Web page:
Dallas DOT Is Making Plans for a Better-Connected City - Next City
A photo of a construction site spilling onto a downtown sidewalk. Another of a car parked on the sidewalk. Prickly cacti blocking access to a crosswalk button. This is all evidence, according to D Magazine, that Dallas “hates pedestrians.” The city’s Department of Transportation, established in 2018, wants to change that perception.
From modern Dallas’ start in the early 1900s, the region largely focused on new development, sprawl and roadways to connect it all. Transportation policy has long been guided by powerful Texas state authorities that invested heavily in car-centric planning. Before 2018, according to Jay Blazek Crossley, executive director of Farm & City, local transit matters in Dallas fell to the public works agency, which has “been just focused on building more roads.” (Farm & City is a nonprofit that promotes sustainable urban and rural living across Texas.)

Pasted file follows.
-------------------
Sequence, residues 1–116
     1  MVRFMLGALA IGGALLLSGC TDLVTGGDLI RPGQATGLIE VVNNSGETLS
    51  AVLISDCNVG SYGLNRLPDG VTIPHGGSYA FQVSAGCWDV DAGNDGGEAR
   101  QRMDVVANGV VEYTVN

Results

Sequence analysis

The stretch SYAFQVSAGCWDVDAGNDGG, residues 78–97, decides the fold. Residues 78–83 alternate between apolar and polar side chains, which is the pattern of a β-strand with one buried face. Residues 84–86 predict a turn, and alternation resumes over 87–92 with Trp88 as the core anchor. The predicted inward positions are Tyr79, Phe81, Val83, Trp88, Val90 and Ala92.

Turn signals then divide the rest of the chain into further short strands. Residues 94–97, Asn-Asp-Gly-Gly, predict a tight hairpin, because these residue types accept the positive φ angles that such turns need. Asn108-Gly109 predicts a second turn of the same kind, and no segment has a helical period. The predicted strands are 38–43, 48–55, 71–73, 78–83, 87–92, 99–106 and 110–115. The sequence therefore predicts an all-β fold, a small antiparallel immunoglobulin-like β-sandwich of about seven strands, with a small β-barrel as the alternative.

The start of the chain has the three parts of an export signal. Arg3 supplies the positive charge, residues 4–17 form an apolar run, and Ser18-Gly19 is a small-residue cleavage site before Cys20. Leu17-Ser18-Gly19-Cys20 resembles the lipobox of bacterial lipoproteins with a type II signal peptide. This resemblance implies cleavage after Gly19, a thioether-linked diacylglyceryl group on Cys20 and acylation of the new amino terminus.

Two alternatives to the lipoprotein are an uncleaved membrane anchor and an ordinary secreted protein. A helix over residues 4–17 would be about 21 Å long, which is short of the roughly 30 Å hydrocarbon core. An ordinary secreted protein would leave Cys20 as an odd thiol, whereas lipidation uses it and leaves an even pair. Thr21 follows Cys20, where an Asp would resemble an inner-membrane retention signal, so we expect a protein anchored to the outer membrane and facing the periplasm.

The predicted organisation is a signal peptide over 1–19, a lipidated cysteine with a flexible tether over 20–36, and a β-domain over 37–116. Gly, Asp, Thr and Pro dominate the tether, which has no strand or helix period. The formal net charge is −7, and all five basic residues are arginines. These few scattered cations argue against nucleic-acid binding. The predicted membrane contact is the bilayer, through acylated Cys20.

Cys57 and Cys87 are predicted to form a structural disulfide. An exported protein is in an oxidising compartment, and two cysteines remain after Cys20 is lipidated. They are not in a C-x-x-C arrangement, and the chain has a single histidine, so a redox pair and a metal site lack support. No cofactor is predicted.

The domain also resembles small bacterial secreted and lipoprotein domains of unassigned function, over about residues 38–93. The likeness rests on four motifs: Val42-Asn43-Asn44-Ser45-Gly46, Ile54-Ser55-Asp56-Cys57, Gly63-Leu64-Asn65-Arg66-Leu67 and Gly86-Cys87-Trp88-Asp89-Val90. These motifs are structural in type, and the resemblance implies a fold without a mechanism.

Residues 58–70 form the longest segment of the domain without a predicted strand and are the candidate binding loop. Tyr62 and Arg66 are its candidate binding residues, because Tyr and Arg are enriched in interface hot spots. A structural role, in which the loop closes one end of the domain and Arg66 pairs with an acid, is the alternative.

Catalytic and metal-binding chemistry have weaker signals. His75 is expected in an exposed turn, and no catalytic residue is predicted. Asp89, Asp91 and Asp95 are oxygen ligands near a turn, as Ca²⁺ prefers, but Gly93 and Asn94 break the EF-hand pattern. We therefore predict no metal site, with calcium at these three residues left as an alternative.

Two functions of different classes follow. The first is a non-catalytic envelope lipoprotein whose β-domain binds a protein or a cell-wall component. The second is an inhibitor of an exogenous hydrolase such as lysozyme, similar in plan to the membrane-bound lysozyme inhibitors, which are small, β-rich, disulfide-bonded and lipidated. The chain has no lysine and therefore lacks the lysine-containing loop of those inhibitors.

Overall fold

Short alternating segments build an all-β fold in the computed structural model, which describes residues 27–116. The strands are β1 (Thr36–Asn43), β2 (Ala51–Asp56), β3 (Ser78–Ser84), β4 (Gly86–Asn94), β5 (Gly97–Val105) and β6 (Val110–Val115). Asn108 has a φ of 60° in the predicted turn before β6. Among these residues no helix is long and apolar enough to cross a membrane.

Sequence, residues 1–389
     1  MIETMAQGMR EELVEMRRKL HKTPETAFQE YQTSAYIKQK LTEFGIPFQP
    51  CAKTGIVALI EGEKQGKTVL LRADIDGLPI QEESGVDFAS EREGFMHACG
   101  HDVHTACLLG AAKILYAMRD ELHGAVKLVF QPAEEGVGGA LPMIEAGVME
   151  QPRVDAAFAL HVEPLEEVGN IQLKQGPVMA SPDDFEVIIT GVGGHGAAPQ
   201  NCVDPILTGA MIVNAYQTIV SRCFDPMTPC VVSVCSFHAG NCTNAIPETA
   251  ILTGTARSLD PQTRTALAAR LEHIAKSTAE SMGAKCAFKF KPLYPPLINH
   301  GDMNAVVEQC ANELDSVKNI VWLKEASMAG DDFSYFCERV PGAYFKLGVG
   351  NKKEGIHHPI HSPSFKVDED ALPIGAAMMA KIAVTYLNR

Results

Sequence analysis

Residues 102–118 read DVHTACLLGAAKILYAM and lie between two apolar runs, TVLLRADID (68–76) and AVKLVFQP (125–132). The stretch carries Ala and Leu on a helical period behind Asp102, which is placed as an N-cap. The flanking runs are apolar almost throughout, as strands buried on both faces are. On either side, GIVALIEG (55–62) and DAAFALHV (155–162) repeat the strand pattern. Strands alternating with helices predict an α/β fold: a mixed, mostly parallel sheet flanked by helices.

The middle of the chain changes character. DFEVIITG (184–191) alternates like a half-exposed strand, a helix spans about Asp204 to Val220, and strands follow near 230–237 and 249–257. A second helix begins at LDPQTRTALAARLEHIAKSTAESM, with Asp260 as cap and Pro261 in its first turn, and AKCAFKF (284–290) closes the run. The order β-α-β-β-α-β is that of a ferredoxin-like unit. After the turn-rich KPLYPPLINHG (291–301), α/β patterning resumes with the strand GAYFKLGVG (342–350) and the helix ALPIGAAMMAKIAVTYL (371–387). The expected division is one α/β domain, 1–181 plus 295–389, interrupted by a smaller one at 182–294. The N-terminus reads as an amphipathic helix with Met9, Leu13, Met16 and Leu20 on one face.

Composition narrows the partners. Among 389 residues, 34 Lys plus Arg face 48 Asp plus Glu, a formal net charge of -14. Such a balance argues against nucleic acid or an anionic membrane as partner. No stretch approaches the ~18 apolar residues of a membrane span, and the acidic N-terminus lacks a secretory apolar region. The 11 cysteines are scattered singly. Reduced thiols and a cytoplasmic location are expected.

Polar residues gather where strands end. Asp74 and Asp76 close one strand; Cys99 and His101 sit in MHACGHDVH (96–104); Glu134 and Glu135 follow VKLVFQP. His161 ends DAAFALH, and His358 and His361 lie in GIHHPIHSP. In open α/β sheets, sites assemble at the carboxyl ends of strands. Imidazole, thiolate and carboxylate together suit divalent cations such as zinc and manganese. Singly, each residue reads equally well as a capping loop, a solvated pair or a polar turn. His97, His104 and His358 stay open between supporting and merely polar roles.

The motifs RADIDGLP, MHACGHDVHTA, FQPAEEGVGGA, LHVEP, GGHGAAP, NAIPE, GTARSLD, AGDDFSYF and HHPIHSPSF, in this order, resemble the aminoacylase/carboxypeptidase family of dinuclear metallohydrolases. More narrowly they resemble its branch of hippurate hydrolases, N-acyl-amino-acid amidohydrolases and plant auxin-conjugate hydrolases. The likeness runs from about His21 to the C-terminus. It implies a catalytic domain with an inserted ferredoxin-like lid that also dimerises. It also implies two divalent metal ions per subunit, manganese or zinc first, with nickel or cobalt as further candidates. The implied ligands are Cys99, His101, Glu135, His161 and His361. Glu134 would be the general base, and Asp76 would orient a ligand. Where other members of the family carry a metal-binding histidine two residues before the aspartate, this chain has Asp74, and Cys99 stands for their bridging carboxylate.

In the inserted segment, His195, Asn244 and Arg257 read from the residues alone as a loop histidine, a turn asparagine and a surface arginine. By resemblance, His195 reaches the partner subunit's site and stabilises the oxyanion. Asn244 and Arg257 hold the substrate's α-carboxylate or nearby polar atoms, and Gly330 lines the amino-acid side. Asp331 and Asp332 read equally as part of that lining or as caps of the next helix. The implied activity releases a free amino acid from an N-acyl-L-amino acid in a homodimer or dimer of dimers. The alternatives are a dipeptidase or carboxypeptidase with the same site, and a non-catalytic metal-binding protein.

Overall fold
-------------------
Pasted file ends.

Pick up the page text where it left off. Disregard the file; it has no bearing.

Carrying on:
The young Dallas DOT has taken meaningful steps toward a more holistic vision for city transit and mobility. Most crucially, the agency now serves as a tool to push back against large-scale highway planning.
“We’ve put a greater focus on public input,” says Michael Rogers, the city’s first transportation director. “We’re trying to deliver projects and programs that you hear from the public that they want.”
A shift from a car-centric culture has been percolating in Dallas for the past few years. “In 2007, the idea that it is not good to build major highways in the heart of the city was not considered a powerful argument at the time,” former Council Member Angela Hunt told D Magazine in 2015. “I think we are smarter about transportation. We have a different vision.”
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